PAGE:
UBC Theses and Dissertations

UBC Theses Logo

UBC Theses and Dissertations

Some interrelations of root-rotting Basidiomycetes and soil-inhabiting Fungi imperfecti Pentland, Gertrude Draper 1966

Your browser doesn't seem to have a PDF viewer, please download the PDF to view this item.

Item Metadata

Download

Media
831-UBC_1967_A1 P4.pdf [ 17.15MB ]
Metadata
JSON: 831-1.0105478.json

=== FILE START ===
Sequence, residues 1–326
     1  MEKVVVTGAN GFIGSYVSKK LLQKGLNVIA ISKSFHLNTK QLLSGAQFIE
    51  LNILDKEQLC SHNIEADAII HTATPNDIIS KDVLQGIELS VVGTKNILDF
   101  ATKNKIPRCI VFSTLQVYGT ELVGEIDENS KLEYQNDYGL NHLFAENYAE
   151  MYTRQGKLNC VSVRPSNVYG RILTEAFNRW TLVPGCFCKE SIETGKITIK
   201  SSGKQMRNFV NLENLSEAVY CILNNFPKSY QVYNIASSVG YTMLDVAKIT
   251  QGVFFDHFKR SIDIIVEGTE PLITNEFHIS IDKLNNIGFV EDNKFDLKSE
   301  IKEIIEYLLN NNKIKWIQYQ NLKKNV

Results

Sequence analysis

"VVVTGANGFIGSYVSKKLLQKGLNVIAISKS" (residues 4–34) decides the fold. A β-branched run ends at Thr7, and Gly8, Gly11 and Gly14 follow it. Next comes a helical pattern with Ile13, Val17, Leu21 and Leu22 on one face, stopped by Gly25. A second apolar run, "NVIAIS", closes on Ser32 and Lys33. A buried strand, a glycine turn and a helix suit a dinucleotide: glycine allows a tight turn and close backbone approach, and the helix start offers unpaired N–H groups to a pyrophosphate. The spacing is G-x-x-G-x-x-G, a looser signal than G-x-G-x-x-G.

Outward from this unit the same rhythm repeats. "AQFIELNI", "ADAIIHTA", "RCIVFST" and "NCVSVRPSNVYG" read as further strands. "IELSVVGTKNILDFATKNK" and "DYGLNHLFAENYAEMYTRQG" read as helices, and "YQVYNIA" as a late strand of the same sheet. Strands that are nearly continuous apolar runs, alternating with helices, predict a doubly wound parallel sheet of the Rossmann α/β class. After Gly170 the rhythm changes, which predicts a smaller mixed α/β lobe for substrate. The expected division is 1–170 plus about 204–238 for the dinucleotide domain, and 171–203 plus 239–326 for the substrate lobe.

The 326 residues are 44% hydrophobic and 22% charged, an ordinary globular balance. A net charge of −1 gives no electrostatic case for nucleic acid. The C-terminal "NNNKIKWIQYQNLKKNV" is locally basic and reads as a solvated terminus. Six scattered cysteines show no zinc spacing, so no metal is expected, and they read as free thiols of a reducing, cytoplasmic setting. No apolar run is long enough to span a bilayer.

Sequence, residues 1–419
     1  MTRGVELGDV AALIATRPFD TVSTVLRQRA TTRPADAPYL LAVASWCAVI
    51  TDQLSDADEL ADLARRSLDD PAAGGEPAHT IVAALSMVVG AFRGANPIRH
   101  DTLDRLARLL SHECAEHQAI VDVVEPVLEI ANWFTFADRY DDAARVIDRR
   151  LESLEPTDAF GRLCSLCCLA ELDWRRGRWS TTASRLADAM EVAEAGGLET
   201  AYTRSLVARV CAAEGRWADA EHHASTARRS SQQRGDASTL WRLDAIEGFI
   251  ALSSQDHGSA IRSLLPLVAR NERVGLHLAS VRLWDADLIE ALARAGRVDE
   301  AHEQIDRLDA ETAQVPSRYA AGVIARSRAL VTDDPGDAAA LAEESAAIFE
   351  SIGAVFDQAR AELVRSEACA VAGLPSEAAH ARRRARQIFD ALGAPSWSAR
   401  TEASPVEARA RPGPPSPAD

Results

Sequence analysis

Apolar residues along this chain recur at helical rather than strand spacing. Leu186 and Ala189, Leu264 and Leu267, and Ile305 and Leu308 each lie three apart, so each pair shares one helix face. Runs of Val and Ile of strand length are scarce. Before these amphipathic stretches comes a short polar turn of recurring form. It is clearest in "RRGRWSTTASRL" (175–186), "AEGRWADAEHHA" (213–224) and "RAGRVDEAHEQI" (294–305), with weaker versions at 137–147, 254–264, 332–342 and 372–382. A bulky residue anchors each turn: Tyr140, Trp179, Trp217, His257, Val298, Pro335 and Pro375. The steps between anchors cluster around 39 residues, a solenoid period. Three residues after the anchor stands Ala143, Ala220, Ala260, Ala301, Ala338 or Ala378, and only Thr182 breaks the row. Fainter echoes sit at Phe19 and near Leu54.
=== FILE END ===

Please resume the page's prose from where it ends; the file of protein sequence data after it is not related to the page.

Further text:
JSON-LD: 831-1.0105478-ld.json
RDF/XML (Pretty): 831-1.0105478-rdf.xml
RDF/JSON: 831-1.0105478-rdf.json
Turtle: 831-1.0105478-turtle.txt
N-Triples: 831-1.0105478-rdf-ntriples.txt
Original Record: 831-1.0105478-source.json
Full Text
831-1.0105478-fulltext.txt
Citation
831-1.0105478.ris

Full Text